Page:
WTH was your Mom thinking?
Mom told me recently that she “wanted to go to California.”
She had summers off and, rather than paint a room in the house, she plotted out this excursion with her Family that has been core lore ever since. In short: MOM IS A BADASS.
What did you eat along the way?
Mom provided for three meals for three hungry boys every day. She shopped at local markets every few days, mostly for non-perishables. We had a camp stove and “chuck box” that were the source of some meals at the campgrounds, including some burgers and breakfasts.
Mom also references a number of restaurants along the way. Aside from a few A&Ws, fast food was not part of the diet because it didn’t exist in very many places back then.
And in between all of that were sandwiches of white bread, American cheese and mustard. What could be more American than that?
What did you drink?
Kool-Aid, according to Mom’s diary. Probably some healthy stuff too, or at least some chilled Diet Rite and Tab. As for Maw, she mentions in her diary having champale only twice, on evenings at the very end of the trip. She recently confided in me (to share here) that she had a little bottle of champale every night of the trip.
You’ve been reading you Mom’s diary?
With her permission! Without it, this project would have been pretty shallow. I kept the reading finite to the parameters of the trip. But in doing discovering those parameters, I came across this installment from May 20, 1969: “Had a conference with Pat Franklin who said Doug is ‘so stable she can’t believe it.’ Also smart.” Really, though, is anyone surprised?
Where was your Dad?
Pop was working. He was a few years into his tenure at ARMY Magazine, Vietnam was raging, and he couldn’t commit to that much away-time. This was in the day before internet and cell phones. Hell, this was in the day before fax, Fedex and “unlimited minutes.” But really, it was the golden age of telex.
He joined us for a few weeks in late July, hooking up in southern California and driving up the coast to Oregon.
How much of this do you remember?
I remember that it was a big thing. We were way out there for a long time, and I had never had so many new experiences on a daily basis in the four years before that.
There are probably a dozen solid memories in this series, mostly in times of pique. I remember being lost at Fisherman’s Wharf in San Francisco; I remember seeing a pretty twitchy version of Abraham Lincoln at Disneyland; I remember Mom and Dad trying to explain that “a man is on the moon” as we gazed at it from a clearing in the Redwoods.
And I remember being completely submerged in water after stepping off a boat ramp. As I remember it, it happened in Oklahoma near the start of the trip. But Mom records in her diary that it was much later. So, who are you going to believe: The four-year-old piecing things together 50 years nigh? Or my Mom, who is a saint. Good answer.
How was the wireless coverage?
There was no wireless.
There was no such thing as wireless. No internet either. There were no cell phones, computers, tablets, Facebook, Google, Instagram, Trip Advisor, yelp!public GPS, nothing. There was none of that.
There were no interstate exits crowded with Taco Bells and Steak’n’Shakes. There was nothing, nothing but road and dirt and sky. C’mon people!
We did have air conditioning in the car, which was quite the luxury.
What did you do without wifi?
We talked and we didn’t talk, the whole time.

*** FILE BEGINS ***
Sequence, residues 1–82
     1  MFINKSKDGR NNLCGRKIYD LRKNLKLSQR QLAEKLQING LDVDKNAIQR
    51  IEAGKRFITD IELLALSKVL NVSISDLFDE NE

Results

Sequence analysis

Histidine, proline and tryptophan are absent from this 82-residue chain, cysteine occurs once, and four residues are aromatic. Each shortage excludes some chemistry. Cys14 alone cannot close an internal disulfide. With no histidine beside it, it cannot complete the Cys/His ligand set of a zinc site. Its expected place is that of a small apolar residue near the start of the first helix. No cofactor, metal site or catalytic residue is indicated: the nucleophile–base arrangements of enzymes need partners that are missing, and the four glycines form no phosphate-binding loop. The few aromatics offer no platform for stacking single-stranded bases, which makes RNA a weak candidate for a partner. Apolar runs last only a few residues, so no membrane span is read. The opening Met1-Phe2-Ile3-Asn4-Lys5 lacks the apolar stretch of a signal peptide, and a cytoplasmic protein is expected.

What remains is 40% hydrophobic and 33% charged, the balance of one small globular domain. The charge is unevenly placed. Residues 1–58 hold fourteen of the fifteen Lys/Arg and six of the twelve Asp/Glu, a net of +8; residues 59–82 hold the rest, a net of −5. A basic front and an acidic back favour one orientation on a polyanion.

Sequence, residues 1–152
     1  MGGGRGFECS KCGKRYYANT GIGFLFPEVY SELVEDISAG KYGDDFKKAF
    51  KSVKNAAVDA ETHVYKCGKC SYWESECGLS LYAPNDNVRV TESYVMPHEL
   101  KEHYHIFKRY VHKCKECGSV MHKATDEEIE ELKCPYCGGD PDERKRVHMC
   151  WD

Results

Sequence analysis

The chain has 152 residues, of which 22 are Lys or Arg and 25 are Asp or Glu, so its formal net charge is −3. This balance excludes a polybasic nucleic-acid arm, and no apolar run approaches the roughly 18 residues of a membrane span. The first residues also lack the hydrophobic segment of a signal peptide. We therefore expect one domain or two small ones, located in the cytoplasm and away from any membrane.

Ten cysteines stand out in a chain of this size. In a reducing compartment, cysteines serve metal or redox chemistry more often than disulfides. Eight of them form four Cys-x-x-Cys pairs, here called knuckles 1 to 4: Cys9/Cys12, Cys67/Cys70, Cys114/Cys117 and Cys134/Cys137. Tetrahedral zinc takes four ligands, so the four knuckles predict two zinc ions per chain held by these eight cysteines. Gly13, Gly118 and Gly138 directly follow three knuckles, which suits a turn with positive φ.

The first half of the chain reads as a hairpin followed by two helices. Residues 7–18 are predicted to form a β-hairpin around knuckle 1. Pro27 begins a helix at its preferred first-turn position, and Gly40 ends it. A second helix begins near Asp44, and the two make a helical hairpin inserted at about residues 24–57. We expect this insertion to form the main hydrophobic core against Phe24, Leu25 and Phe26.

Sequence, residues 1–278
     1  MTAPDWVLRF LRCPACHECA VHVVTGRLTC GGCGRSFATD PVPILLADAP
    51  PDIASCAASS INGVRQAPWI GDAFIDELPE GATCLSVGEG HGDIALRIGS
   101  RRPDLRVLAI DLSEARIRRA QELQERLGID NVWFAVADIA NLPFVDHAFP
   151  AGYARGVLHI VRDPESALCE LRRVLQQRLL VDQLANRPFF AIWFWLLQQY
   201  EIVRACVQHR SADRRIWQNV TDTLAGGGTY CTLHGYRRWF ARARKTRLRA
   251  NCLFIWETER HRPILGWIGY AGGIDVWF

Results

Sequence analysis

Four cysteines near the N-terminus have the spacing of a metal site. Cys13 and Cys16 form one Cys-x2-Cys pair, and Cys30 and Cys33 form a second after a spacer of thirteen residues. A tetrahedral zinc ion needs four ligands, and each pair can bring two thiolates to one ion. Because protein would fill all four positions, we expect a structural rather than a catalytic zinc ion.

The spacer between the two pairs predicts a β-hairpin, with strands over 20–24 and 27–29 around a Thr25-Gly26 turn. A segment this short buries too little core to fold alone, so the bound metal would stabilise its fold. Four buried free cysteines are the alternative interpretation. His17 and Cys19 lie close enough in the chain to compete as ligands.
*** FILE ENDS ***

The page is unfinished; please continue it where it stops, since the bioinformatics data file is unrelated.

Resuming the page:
Actually, during the drive times, Mom would pay us a quarter for every hour of silence. That financed candy and arcade time. The hitch was that you had to be quiet for the entire hour; if you succumb after 55 minutes, the clock started over. I remember Tim trying to get Mike and I to lose it as the top of the hour approached.
HFS! What was WITH you people!?!?
Dude, in 50 years, your peeps are going to be asking you the same question. “What do you mean you lived without Fleugel Blasters and Tronella spread?” Let me know how you answer.
(Of course, by then there will be time-travel, so you’ll just come back here to 2019 and fill us in. Still waiting. Still…)
What kind of research did you do?
A lot, or at least as much as time would allow, dating back to the first of the year. Mom’s diary was the catalyst. My brother Mike had digitized a few dozen photos a while back, so I tried to match them with time and place. I’ll admit that there are probably a few hanging chads in that regard.
Once I had transcribed the 62 entries, I started looking for the places that Mom cites in her diary, places like Conaway’s Party Barn in Indiana and Perry’s restaurant in Grove, Oklahoma. That was hit or miss, and the internet was surprisingly bereft of traces. I reached out to various chambers of commerce, which seemed to cause more confusion than discovery.
I also bought maps and guide books from 1969 on Ebay. I wanted to see how far the interstate highway system had evolved at that point. The materials also showed the relative density of cities and towns and how much that has changed in 50 years. I scanned some of the materials in high res and used them to visualize our progress on a near-daily basis.
Did you consider driving across country to commemorate this anniversary?
Nope. At least not until I started to post some things on Facebook, and peeps invited me to visit them in Michigan and Virginia. And even then, no. But as this notion has settled in my head, at the same time that I’m digging into research and relics of the past, I’ve confirmed that a reenactment would be fruitless. The past that we traversed in this project has buried under the sands of time or washed away by the tides of another cliche.
From the looks of it, your brother Tim fished almost every day. Do you like to fish?
I’m bored. Can I watch a video or play a game?
Why are the youngest siblings the best?
Dunno. We just are.